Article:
Bridging the Gap Between Large and Small: Thermofluids and Nanoengineering for the Water-Energy Nexus

By David M. Warsinger

Mechanical Engineering, Purdue University, West Lafayette, IN

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Climate change, degrading water resources, and economic and population growth are increasing the need for new science and technologies at the Water-Energy-Food Nexus. In enabling new and improved technologies to tackle these issues, a thermofluids systems approach is essential to guide the design of new nanomaterials, allowing for performance improvements and new capabilities. Following this approach, thermodynamic design of water treatment membrane technologices such as membrane distillation (MD) leads to innovations with superhydrophobic nanostructured surfaces for heat transfer. New structures can also be created and optimized with this approach to operate in large systems. Nanomaterial self-assembly techniques can be guided by thermofluids designs to make macro-scale membrane systems with photonic properties for catalysis and solar distillation.


avid Warsinger Dr. David Warsinger completed his B.S. and M.Eng at Cornell, and his PhD in Mechanical Engineering at MIT: he completed his graduate studies in a combined 3 years. David’s research focuses on the water-energy nexus, with approaches from thermofluids and nanoengineering. Currently, David is a Postdoc at MIT and beginning a joint Postdoc at Harvard. Prior to starting his PhD, David worked at the engineering consulting firm Arup, where he performed energy and sustainability analysis and designed heating and cooling systems. David is a coauthor of 22 published and 6 submitted journal and conference papers, and a co-inventor of 13 filed or awarded patents. He is also involved with entrepreneurial endeavors, including demonstrating batch reverse osmosis with MIT startup Sandymount, and cofounding Coolify, a startup providing refrigeration via phase-change thermal storage for farmers in developing economies. Notable awards David has earned include the national dissertation award from UCOWR, the highest GPA award for his Masters, 9 presenter awards, and the MIT institute award for best research mentor for undergraduate students.

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  1. D. Warsinger, J. Swaminathan, L. Morales, and J. Lienhard V, “Comprehensive Condensation Flow Regimes in Air Gap Membrane Distillation: Visualization and Energy Efficiency”, Journal of Membrane Science, vol. 555, pp. 517-528, June 2018,
  2. D. Warsinger, J. Swaminathan, L. Maswadeh, and J. Lienhard V, “Superhydrophobic condenser surfaces for air gap membrane distillation,” Journal of Membrane Science, vol. 492, pp. 578 – 587, 2015,
  3. D. Warsinger, J. Swaminathan, and J. Lienhard V, “Effect of module inclination angle on air gap membrane distillation,” Proceedings of the 15th International Heat Transfer Conference (IHTC-15), Aug. 2014,
  4. N. Miljkovic, R. Enright, Y. Nam, K. Lopez, N. Dou, J. Sack, and E. N. Wang, “Jumping-droplet-enhanced condensation on scalable superhydrophobic nanostructured surfaces,” Nano Letters, vol. 13, no. 1, pp. 179–187, 2013. PMID: 23190055,
  5. J. Swaminathan, D. Warsinger, J. Lienhard V, “Hydrophobic air-gap membrane distillation,” US9751047B2, MIT, September 9, 2015.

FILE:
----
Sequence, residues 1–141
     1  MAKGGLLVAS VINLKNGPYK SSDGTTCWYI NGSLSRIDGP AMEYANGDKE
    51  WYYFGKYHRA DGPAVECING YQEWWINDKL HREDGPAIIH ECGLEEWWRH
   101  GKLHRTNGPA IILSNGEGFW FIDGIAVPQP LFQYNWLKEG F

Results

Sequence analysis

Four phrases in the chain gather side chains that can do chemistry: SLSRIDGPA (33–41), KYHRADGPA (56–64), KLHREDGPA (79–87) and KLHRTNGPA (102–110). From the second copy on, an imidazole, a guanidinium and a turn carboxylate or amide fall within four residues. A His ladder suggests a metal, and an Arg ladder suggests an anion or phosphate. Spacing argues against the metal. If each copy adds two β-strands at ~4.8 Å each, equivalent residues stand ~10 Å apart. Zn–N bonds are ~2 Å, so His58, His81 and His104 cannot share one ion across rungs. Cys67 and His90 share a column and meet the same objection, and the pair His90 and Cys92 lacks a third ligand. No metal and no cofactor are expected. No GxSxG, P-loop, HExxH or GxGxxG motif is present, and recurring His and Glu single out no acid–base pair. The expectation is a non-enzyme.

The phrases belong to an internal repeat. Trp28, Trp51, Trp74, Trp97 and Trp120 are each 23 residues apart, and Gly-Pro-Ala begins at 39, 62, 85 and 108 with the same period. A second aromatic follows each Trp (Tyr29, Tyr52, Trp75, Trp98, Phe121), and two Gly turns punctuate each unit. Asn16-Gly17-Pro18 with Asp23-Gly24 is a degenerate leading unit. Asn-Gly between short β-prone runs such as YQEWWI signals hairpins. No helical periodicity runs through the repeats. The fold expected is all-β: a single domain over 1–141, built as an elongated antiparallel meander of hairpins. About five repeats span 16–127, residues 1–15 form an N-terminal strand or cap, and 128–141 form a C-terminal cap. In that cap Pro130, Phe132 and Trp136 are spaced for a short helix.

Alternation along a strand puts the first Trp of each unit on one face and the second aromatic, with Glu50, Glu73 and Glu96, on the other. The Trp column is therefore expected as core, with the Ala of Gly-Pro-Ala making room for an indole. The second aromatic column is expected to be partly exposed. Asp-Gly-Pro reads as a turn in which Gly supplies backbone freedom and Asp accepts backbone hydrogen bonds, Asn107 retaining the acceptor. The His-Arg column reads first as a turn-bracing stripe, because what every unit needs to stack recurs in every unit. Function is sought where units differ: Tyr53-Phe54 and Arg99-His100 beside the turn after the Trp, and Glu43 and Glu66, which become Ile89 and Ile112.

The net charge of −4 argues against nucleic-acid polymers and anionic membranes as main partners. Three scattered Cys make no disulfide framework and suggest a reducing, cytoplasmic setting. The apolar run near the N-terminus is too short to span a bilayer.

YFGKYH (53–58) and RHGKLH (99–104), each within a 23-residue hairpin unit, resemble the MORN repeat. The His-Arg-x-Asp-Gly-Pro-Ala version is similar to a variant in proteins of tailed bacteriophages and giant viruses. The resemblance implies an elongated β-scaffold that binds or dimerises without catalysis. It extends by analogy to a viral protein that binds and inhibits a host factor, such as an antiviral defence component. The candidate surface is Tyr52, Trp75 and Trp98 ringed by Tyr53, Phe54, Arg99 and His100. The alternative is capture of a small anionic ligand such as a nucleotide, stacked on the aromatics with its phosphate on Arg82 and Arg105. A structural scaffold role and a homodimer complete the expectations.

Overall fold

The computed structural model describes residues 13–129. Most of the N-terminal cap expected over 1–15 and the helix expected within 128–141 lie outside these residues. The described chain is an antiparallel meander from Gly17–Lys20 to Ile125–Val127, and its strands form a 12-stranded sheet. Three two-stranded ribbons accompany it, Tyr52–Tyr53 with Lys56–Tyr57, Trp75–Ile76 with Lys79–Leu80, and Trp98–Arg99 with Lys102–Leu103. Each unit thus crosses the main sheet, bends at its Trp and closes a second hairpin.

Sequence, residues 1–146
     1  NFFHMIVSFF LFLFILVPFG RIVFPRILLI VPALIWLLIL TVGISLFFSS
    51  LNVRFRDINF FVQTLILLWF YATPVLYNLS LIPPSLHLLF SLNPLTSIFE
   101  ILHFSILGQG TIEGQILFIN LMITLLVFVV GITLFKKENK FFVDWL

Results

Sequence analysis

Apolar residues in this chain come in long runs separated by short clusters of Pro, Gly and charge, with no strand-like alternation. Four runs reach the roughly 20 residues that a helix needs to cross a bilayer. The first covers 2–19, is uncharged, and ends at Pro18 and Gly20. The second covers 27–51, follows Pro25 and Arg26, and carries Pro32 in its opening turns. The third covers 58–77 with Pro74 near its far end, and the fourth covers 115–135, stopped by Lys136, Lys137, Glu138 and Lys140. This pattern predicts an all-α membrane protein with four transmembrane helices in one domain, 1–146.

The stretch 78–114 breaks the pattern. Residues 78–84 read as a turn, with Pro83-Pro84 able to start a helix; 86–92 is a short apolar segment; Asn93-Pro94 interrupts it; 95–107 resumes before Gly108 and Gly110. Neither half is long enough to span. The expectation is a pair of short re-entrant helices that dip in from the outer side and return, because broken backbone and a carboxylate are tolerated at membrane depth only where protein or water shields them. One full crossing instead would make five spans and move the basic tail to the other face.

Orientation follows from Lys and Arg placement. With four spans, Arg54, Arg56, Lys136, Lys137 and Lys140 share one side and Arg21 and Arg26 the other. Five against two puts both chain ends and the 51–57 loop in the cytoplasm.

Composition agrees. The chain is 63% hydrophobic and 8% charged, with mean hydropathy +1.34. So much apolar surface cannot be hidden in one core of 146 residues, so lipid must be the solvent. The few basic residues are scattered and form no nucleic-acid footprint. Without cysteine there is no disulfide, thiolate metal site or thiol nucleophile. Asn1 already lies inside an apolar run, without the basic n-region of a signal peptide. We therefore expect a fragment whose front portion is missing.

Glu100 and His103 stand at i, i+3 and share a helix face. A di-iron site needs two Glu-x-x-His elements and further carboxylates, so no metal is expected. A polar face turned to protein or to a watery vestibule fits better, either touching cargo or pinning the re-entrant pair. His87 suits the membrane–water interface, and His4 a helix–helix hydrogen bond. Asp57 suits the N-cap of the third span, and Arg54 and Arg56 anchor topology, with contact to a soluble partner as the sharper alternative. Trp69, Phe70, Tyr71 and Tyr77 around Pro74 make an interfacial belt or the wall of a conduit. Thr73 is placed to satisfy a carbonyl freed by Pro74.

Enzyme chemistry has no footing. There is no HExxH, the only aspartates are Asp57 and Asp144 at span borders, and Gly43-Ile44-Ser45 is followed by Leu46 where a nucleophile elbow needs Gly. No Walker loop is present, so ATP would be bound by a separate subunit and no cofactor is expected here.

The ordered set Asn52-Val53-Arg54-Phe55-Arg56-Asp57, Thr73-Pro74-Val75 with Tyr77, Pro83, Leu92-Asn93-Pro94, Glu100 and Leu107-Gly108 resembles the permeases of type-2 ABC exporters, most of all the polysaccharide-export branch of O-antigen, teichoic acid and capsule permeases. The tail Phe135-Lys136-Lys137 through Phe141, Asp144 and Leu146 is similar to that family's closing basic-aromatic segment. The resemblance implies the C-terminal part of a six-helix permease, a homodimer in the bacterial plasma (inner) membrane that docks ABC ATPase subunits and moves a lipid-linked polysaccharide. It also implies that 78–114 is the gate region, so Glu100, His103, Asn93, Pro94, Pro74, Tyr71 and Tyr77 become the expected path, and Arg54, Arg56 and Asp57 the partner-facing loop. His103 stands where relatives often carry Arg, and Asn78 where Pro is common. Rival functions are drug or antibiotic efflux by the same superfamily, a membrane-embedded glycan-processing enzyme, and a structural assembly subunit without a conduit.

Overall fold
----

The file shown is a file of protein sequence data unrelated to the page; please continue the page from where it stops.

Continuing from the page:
6. Global water intelligence and water desalination report,” G. W. Intelligence, Nov. 2014,
  7. “The principle of desalination,” Aquanext,
  8. D. Warsinger, E. Tow, K. Nayar, L. Maswadeh, and J. Lienhard V, “Energy efficiency of batch and semi-batch (ccro) reverse osmosis desalination,” Water Research, vol. 106, pp. 272 – 282, 2016,
  9. D. Warsinger, R. McGovern, G, Thiel, E. Tow, and J. Lienhard V, “Batch pressure-driven membrane separation with closed-flow loop and reservoir,” US20170239620A1, MIT, February 22, 2016.
  10. D. Warsinger, E. Tow, L. Maswadeh, G. Connors, J. Swaminathan, and J. Lienhard V, “Inorganic fouling mitigation by salinity cycling in batch reverse osmosis,” Water Research, vol. 137, pp. 384 – 394, 2018,
  11. D. Warsinger, J. Swaminathan, R. Stover, E. Tow, and J. Lienhard V, “Effect of practical losses on optimal design of batch ro systems,” The International Desalination Association World Congress, Oct. 2017. Sao Pauelo, Brazil, International Desalination Association.
  12. Group of Nanomagnetism and Magnetization Processes, “Oxide nanoporous membranes.” Instituto de Ciencia de Materiales de Madrid, CSIC,
  13. H. Risken and T. Caugheyz, “The fokker-planck equation, methods of solution and applications,” Journal of the Optical Society of America B Optical Physics, vol. 58, p. 860, 1991.
  14. S. Duhr and D. Braun, “Why molecules move along a temperature gradient,” Proceedings of the National Academy of Sciences, vol. 103, no. 52, pp. 19678–19682, 2006,
  15. A. Servi, E. Guillen-Burrieza, D. Warsinger, W. Livernois, and K. Notarangelo, “The Effects of iCVD Film Thickness and Conformality on the Permeability and Wetting of MD Membranes”, Journal of Membrane Science, vol. 523, pp. 470-479, Feb. 2017,
  16. J. Lienhard V, G. Thiel, D. Warsinger, and L. Banchick, “Low Carbon Desalination: Status and Research, Development, and Demonstration Needs”, Massachusetts Institute of Technology, Oct. 2016,

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Researchers should cite this work as follows:

  • David M. Warsinger (2019), "Bridging the Gap Between Large and Small: Thermofluids and Nanoengineering for the Water-Energy Nexus,"

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